A Richmond-based international book prize for Punjabi literature has released its finalists for awards totalling $45,000 that will be handed out next month.
The Dhahan Prize, which was founded by Richmond businessman Barj Dhahan, recognizes literature written in either Gurmukhi or Shahmukhi — the two Punjabi scripts.
Writers Deepti Babuta and Balijit from Mohali, India and Jameel Ahmad Paul from Lahore, Pakistan, are vying for the $25,000 top prize of best book of fiction.
The remaining two finalists will also be awarded $10,000 each during a ceremony in November in Surrey.
Each of the three finalists wrote books of short stories: Babuta for Hunger Breathes Like This, Balijit for Uchian Awazan and Paul for Mendelian Rules.
Since launching in 2013, Dhahan said the annual awards are meant to draw attention to the rich, thousand-year long history of Punjabi literature and the global prominence of the language.
“What happened to Punjabi over the last two centuries, especially leading up to 1947 where the land (was) divided between two new countries,” said Dhahan.
“Where you have now a script divide between Shahmukhi and Gurmukhi, then you have a religious divide where the British and others start saying Punjabi is the language of the Sikhs, and they impose Urdu as a language of largely Punjabi Muslims.”
“All of these divides existed, and we wanted to use a literary prize to become a bridge so that all these divides that … exist, we (can) unite them. We try to bring them together.”
Dhahan added he got the idea to create the awards after seeing there was no literary prize of this stature for the Punjabi language.
He said a panel was asked to look at five qualities when judging the submissions: newness, depth, language, milestone, which means the stories expand on Punjabi literature or could become classics, and social relevance.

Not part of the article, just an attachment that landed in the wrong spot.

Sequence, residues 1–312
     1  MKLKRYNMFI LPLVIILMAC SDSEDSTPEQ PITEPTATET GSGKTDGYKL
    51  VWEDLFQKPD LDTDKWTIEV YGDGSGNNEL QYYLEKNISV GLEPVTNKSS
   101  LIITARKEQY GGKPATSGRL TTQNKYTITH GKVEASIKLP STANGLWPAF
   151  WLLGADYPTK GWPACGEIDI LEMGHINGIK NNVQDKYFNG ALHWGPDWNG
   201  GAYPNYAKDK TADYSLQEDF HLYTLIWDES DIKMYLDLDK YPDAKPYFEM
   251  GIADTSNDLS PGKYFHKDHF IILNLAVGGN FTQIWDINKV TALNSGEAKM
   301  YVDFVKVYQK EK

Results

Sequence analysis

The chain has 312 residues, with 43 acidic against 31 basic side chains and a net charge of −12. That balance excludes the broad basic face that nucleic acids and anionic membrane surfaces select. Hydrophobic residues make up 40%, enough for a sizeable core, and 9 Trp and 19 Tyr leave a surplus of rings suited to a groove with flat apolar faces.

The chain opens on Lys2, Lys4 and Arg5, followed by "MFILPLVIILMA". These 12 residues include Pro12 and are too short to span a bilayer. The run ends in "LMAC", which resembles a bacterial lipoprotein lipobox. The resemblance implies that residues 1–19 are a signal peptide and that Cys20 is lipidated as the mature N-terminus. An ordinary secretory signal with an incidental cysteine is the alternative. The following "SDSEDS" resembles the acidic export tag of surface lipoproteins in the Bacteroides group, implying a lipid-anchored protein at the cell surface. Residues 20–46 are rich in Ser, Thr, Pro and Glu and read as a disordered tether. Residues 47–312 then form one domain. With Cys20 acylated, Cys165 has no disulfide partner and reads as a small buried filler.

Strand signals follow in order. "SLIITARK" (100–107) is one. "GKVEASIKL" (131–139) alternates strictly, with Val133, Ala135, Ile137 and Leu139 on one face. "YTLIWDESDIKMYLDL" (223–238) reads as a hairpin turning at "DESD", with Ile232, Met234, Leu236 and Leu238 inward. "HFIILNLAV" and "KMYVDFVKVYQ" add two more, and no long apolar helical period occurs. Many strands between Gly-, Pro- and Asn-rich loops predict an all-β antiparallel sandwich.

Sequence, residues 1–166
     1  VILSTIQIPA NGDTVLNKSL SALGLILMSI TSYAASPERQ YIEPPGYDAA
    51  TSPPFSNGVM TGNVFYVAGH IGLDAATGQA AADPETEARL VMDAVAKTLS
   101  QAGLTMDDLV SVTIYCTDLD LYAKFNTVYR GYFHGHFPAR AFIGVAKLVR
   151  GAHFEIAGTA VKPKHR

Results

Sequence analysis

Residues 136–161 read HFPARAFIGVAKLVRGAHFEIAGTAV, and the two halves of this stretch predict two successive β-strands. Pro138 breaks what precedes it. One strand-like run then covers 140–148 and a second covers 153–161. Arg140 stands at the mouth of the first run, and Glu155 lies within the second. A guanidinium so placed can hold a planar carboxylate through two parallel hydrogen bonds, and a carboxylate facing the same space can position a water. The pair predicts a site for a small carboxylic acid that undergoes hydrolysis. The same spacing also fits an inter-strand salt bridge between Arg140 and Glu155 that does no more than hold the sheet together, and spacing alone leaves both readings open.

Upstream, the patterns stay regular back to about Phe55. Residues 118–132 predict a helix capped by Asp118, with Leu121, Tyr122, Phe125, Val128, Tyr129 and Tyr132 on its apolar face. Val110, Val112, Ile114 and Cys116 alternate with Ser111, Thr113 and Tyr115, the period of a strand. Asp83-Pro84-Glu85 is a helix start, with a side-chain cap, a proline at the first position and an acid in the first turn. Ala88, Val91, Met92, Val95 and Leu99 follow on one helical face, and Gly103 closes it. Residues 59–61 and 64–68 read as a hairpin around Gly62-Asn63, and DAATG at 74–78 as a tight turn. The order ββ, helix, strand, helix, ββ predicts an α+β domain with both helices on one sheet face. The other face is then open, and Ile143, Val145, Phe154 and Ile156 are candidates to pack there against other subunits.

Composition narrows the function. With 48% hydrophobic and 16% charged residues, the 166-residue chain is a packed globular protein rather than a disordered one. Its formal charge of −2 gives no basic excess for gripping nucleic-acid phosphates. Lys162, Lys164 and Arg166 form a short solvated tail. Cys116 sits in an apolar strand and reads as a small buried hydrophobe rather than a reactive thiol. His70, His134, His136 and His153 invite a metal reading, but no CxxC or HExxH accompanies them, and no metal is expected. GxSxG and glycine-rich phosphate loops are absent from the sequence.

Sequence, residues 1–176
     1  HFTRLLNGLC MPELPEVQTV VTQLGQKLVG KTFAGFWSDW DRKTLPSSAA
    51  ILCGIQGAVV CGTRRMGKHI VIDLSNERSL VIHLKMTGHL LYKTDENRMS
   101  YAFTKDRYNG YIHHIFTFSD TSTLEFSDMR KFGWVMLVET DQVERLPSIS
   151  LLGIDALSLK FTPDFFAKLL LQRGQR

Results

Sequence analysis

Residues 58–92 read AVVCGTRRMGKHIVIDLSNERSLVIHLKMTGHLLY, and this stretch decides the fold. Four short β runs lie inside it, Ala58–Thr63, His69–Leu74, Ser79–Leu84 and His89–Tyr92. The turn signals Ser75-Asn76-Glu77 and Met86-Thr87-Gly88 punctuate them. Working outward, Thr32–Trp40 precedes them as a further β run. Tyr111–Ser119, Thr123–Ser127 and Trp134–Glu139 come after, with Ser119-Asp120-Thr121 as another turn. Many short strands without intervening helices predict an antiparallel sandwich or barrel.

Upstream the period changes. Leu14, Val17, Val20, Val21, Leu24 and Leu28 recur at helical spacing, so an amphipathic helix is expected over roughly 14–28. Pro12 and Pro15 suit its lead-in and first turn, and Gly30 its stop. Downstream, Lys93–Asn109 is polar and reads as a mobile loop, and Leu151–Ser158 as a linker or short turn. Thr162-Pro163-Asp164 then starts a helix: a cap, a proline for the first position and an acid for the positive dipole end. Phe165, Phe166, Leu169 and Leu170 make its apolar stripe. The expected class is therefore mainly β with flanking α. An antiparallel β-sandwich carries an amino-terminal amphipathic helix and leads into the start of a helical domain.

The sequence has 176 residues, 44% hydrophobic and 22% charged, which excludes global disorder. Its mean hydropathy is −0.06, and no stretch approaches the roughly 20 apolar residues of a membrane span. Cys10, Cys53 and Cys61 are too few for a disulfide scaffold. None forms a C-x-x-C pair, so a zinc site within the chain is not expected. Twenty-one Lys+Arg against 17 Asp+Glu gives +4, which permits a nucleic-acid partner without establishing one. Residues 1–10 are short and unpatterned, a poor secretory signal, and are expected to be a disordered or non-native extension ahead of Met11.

Dhahan said this year’s panel-selected books “speak to the core of our humanity with all of its internal conflicts and each of us trying to make sense of our own lives.”
The stories explore topics such as the role of women in Punjabi culture, identity, heritage and human behaviours.
Dhahan said he hopes the finalists will use the recognition from the prize to be inspired to write even more.
Dhahan added he would like to see the broader community become interested in Punjabi literature through the prize.
“Quite a few people who are not Punjabis, they attend our ceremonies …. We want Canadians, we want non-Punjabis to become familiar with the growing new productions of literary works in Punjabi.
“That is what we’re trying to do, and I think it’s beginning to happen.”
The 10th Dhahan Prize ceremony will take place Nov. 16 from 6 to 9 p.m. at the Northview Golf & Country Club in Surrey.
Besides awards, dinner and performances, the B.C. government will declare that week as “Punjabi Literature Week” at the event.
For tickets, visit www.eventbrite.com/e/2023-dhahan-prize-ceremonies-tickets-697652827387.
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